2. Why would Lancastrian Elizabeth have married Edward, anyway?
My second concern was about Elizabeth – why would she choose to marry Edward and then have to avoid having his children? Expert opinion was that it was surely easier for her to have not married him in the first place? But the principal reason for the marriage was not for her to be Queen. Would she have wanted to be a Lancastrian Queen? Yes, of course, but would a Plantagenet want to be a Yorkist one? That’s not obvious to me. Far more likely that she was to be the Lancastrians’ key link in the Palace, feeding back information on Edward’s plans to Henry VI. What more perfect spy could there have been? Children would have been necessary for her to sustain that role, and better they be Henry’s than Edward’s. The story hangs together.
3. Privacy? Was it possible for a Queen to do this and it to not be known?
The third worry was the issue of how Elizabeth could have had occasional meetings with Henry without it becoming common knowledge at court, with all the dire consequences that would bring? The fact is that courts did not find out all that monarchs got up to, and the more astute the player, the better they got away with it. One of the ploys much used at the time (among merchants and artists at least), was to have a number of avatars. A different alias for each major and potentially contradictory role in life. Leonardo traveled on some of the great navigations of his time. He was not one to miss out on the greatest adventure of his age. But he did it under other names, and to this day people bought it. Jan van Eyck, when he needed to engage in a major diplomatic venture in Naples, pretended to die in Bruges, and reappeared in Naples as ‘Colantonio’. Madame de Pompadour, when she wanted to sneak into town from the Palace to consult a fortune teller, did it in disguise. So perhaps Elizabeth had concocted an alias… as one of her lady attendants, even, and used that. For a crafty Queen, much was possible.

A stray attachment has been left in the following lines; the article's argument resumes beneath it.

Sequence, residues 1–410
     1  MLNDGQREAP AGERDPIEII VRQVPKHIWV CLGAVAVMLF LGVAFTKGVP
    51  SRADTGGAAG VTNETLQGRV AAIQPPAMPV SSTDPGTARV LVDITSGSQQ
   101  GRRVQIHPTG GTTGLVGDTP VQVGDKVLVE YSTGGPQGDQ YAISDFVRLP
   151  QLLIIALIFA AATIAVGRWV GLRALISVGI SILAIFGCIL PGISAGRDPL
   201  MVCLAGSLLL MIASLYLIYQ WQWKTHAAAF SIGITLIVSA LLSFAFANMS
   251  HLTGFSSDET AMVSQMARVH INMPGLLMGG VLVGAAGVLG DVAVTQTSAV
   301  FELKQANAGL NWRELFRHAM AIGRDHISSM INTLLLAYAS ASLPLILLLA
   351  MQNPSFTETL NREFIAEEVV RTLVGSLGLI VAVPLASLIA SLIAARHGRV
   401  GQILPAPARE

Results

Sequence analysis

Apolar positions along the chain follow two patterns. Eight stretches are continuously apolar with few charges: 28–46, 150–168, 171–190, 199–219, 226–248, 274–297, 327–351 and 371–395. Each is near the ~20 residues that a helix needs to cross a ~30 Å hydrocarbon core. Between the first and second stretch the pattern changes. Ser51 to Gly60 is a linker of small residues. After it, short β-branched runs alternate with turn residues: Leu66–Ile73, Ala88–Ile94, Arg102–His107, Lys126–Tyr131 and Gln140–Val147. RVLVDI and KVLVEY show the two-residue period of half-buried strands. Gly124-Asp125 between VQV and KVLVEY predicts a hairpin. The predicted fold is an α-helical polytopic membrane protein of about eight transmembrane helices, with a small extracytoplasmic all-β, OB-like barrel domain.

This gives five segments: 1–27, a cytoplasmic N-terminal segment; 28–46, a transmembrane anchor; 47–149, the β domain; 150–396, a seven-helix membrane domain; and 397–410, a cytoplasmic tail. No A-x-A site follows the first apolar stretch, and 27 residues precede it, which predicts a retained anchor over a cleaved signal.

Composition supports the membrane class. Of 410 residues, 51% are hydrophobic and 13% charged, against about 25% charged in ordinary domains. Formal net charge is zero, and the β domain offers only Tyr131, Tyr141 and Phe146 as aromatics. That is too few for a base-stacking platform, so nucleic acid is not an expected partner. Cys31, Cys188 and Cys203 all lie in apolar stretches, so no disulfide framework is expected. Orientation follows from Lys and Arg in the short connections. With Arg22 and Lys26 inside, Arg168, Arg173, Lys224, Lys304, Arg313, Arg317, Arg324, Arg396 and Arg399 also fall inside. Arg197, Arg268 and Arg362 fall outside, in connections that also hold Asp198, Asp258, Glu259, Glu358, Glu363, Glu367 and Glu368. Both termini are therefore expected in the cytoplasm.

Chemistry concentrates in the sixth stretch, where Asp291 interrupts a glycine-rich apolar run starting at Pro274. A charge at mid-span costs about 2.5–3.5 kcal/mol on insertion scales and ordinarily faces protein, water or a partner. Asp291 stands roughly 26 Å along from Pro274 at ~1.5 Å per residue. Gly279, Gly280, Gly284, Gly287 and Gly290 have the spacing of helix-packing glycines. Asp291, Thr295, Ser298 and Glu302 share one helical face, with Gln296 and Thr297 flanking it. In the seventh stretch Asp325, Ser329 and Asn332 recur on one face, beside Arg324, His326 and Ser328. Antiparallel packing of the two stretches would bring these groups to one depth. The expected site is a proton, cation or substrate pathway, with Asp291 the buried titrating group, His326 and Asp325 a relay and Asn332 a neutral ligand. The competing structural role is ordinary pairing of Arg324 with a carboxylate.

The bottom line for me is that the artists’ tale is a viable (if extraordinary) alternative story, and part of it we can be reasonably sure about: that the two Princes did survive the Tower, and that Holbein painted them 44 years later. But who was their father? Is that part of the story true? Was this just a lie concocted by the Tudors? And if so why, because it didn’t help justify killing Richard III, or building their myth of the saintly Henry VI? And should we believe this propaganda was then naively swallowed by the very astute and well connected Holbein, and the other artists who depicted Edward IV’s children? Inexplicable Tudor propaganda or was this remarkable tale true? How to know?
We have a new and important historical resource available to us now, and for those who have looked at it with an open mind, there should be little doubt that there is far more lurking beneath its varnish for us to discover! That is where the answer most likely lies.